Wed, 27 Jan 1993 17:42:25 GMT

Related articles |
---|

Top-Down Parser Construction Conjectures bart@cs.uoregon.edu (1993-01-18) |

Recursive descent parsing is better than LL(1) jan@klikspaan.si.hhs.nl (1993-01-22) |

Re: Recursive descent parsing is better than LL(1) tchannon@black.demon.co.uk (1993-01-23) |

Re: Recursive descent parsing is better than LL(1) pjj@cs.man.ac.uk (Pete Jinks) (1993-01-27) |

Re: Recursive descent is better than LL(1) jan@klikspaan.si.hhs.nl (1993-01-29) |

Automatic Transformation of CFG to LL/LR ramki@cs.du.edu (1993-01-29) |

Newsgroups: | comp.compilers |

From: | Pete Jinks <pjj@cs.man.ac.uk> |

Organization: | Compilers Central |

Date: | Wed, 27 Jan 1993 17:42:25 GMT |

Keywords: | LL(1), parse |

References: | 93-01-122 93-01-172 |

Barton Christopher Massey <bart@cs.uoregon.edu> writes:

*>I would like to prove or disprove the following conjectures:*

*> LL(1) Transformability: There exists an algorithm which, given any grammar G*

*> which is unambiguous and describes an LL(1) language L(G), produces an LL(1)*

*> grammar G' for the language L(G).*

*> LL(1) Decidability: There exists an algorithm which, given any grammar G*

*> which is unambiguous and describes a language L(G), decides whether L(G) is*

*> an LL(1) language.*

*>it seems most likely to me that LL1T is true, but I'm skeptical about LL1D.*

Bill Purvis <W.Purvis@daresbury.ac.uk> writes:

*>... SID... accepts a fairly arbitrary BNF description... produce an LL(1)*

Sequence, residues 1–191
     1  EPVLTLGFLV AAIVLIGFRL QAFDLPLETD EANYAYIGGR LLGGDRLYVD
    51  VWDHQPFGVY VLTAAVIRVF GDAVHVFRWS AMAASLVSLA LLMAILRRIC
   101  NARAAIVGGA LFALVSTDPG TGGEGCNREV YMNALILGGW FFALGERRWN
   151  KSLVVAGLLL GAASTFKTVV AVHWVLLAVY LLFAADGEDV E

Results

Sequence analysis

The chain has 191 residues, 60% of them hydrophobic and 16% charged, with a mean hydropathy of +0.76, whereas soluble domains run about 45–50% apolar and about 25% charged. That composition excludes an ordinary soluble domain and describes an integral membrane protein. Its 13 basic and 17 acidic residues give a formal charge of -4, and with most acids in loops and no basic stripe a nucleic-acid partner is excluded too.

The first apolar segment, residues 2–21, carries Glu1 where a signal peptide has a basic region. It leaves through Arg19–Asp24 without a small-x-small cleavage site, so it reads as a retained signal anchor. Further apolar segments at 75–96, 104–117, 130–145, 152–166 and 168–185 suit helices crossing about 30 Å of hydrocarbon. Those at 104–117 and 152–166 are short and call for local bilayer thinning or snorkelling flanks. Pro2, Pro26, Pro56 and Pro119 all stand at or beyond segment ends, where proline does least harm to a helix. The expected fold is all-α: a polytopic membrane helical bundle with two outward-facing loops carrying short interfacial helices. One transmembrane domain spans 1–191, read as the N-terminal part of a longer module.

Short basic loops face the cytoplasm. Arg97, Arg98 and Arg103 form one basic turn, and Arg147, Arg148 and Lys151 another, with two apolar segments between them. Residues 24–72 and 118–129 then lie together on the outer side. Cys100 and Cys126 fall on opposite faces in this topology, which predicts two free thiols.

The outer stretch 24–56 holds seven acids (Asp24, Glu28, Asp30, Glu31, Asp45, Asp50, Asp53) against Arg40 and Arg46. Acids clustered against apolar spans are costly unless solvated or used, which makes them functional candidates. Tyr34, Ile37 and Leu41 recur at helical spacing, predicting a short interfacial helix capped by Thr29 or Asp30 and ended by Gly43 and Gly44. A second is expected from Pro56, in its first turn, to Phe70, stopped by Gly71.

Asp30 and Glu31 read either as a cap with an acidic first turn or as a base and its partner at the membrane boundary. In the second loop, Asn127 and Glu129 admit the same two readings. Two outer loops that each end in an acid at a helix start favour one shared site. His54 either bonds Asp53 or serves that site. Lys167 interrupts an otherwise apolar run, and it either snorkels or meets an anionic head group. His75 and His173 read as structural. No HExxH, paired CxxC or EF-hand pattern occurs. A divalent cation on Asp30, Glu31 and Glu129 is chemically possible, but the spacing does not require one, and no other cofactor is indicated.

*>grammar (assuming that the language is LL(1). - the first conjecture.*

*>...I suspect that in practical terms it probably covers the second conjecture.*

jan@klikspaan.si.hhs.nl writes:

*>I present a simple contra-example:*

*> S -> A | B*

*> A -> `x' A `y' | `a'*

*> B -> `x' B `z' | `b'*

*>...`SID may also report failure because*

*>its attempt to transform the grammar causes it to loop.'*

tchannon@black.demon.co.uk (Tim Channon) writes:

*>Is this a valid LL(1) solution? S = 'x' {'x'|'a'|'b'} ('y'|'z') | 'a' | 'b'.*

Jan's example causes SID problems, so SID may establish LL1T but can't

establish LL1D. I believe this is because his example is not LL(1), but

no-one has said so explicitly so far and I can't find the example in the

Dragon book - is it a well-known example?

To shorten the grammars/languages, I am using the following notation:

x^n means x repeated n times, [ab] or a|b means a or b

Thus Jan's original language is:

x^n a y^n | x^n b z^n for n>=0

Tim's version is:

x [xab]^n [yz] | a | b

which is not the same at all. Maybe he meant:

x^n [ab] [yz]^m | a | b for n,m>=1

i.e. x^n [ab] [yz]^m for n,m>=0

which is closer but still not right.

A slightly simpler example, with (I think) the same characteristics as the

original is:

x^n y^n | x^n z^n i.e. x^n ( y^n | z^n ) for n>=0

This and Jan's original are LR(1), but I believe that they are not LL(n) for

any finite n, as we have to negotiate an indefinitely long string of x-s

before we can chose whether to accept y-s or z-s, but we also have to have

been counting the x-s (i.e. selecting/stacking the "correct" non-terminal

symbol) to be able to accept the right number of y-s or z-s. By contrast:

x^n [yz]^n

and:

x^n (y^m | z^m).

are both LL(1).

--

Post a followup to this message

Return to the
comp.compilers page.

Search the
comp.compilers archives again.